World’s largest venous access trial commences in the UK

Jon Moss
Jon Moss

Interventional News has learned that the UK CAVA trial, a four-way randomised controlled trial of long-term venous access devices for the delivery of chemotherapy (Ports versus tunnelled central lines versus peripherally inserted central catheters) has begun. 

The CAVA (Cancer and venous access) trial seeks to determine which device—subcutaneously tunnelled central catheters (Hickmans), peripherally inserted central catheters (PICCs) or implantable chest wall ports (Ports)—offers the best outcome from safety, clinical effectiveness and cost-effectiveness perspectives. The trial will randomise 2000 patients over three years and will be the world’s largest venous access trial.


There is currently no evidence-based guidance to help choose between these devices and the decision-making processes behind choice of device, which varies from centre to centre, is poorly understood.

The four-way randomisation is divided into PICC vs. Port (superiority design) in one arm, PICC vs. Hickman (inferiority design) in the second arm, Port vs. Hickman (superiority design) in the third arm and Port vs. PICC vs. Hickman. “This covers all eventualities; i.e. if a patient is not suitable for one device, (for instance, haematologists generally do not like Ports) then they can still be randomised into one of the other arms,” said Moss.

The investigating team in Glasgow, led by Jon G Moss, Interventional Radiology Unit, NHS Greater Glasgow and Clyde, Gartnavel General Hospital, Scotland, say venous access is seen by many interventionalists as a low key topic increasingly delegated to nurse practitioners and falling well below, for example, aortic stent grafting in the “wow” factor. However the National Institute of health Research (NIHR) took a different view and in 2011 put out a commissioned call for research to compare PICCs, Hickmans and Ports in patients receiving chemotherapy of more than 12 weeks duration.


“Interventional radiologists must engage with venous access. Although its bread and butter stuff it is a very high activity sport, important to patients and healthcare systems worldwide. EVAR and TEVAR might make the headlines for doctors and a small number of patients, venous access impacts on millions of patients. In this high tech world, it is the EVARs and TEVARs that take the limelight, but interventional radiologists must not ignore venous access— it is a duty to millions of patients,” Moss told Interventional News.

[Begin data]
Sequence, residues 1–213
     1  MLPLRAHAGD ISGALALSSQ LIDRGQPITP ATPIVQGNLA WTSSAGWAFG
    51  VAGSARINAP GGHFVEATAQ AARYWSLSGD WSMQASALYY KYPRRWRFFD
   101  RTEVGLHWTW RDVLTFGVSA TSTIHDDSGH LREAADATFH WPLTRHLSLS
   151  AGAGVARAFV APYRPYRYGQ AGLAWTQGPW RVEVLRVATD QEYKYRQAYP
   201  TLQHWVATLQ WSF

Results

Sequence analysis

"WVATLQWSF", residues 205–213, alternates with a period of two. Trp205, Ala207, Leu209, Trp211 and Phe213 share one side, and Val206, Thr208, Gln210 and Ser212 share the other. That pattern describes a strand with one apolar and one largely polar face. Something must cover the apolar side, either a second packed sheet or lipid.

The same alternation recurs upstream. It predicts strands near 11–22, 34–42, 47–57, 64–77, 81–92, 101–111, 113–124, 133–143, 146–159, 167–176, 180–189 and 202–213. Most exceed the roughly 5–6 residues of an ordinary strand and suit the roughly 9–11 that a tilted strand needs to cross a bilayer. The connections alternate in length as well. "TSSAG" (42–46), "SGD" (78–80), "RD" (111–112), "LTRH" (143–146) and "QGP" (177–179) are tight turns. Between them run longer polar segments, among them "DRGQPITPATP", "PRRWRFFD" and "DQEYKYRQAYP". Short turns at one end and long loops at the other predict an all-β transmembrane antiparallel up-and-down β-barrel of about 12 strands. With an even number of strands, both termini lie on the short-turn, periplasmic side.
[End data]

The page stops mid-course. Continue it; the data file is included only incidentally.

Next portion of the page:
The National Chemotherapy Advisory Group estimated approximately 65,000 chemotherapy programmes per year and Hospital Activity Data for England reported 425,000 deliveries of chemotherapy for cancer in the year 2009–2010.

The trial has randomised 32 patients from Glasgow, Manchester, Leeds and Newcastle to date. “Birmingham and Durham will open recruitment shortly and St George’s will join as the London site,” Moss added. He explained that the centres have all been chosen because of the significant number of venous access devices they use plus their strong commitment to a research ethic and deliverability. 

“The dominant strategy at present is a Hickman, followed by PICC with Ports being used infrequently. There is a gradual shift away from Hickman towards PICC in some centres which may be due to evolving nurse-led delivery. Ports offer many potential advantages which include fewer complications, less maintenance, reduced treatment interruption, improved quality of life and patient satisfaction. However Ports are the most expensive device and their cost-effectiveness is unknown. It is likely that the initial cost and the slightly more complex insertion procedure is limiting usage. The decision-making processes behind choice of device is poorly understood and varies from centre to centre. In addition to clinical factors, the views of the oncologist, nurse or radiologist, the availability of staff, cost pressures and who places the device all play an unknown role. Currently there is no evidence-based guidance to help choose between them. Venous access services are evolving and there is an increasing input from dedicated nurse specialists. In some of the more proactive centres, these nurses will discuss the options with a patient and then place the device. This nurse-driven service is usually under the supervision of either anaesthetists or interventional radiologists. Surgeons rarely have any significant input in UK practice,” the investigators write.